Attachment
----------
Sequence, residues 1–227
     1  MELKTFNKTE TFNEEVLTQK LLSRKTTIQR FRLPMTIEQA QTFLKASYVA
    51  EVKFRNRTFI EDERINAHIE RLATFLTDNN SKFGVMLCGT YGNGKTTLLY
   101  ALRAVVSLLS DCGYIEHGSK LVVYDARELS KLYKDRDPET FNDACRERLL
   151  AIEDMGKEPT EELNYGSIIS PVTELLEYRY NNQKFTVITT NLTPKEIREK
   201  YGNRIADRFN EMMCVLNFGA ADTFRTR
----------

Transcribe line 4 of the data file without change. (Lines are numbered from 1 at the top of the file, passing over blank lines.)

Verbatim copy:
   101  ALRAVVSLLS DCGYIEHGSK LVVYDARELS KLYKDRDPET FNDACRERLL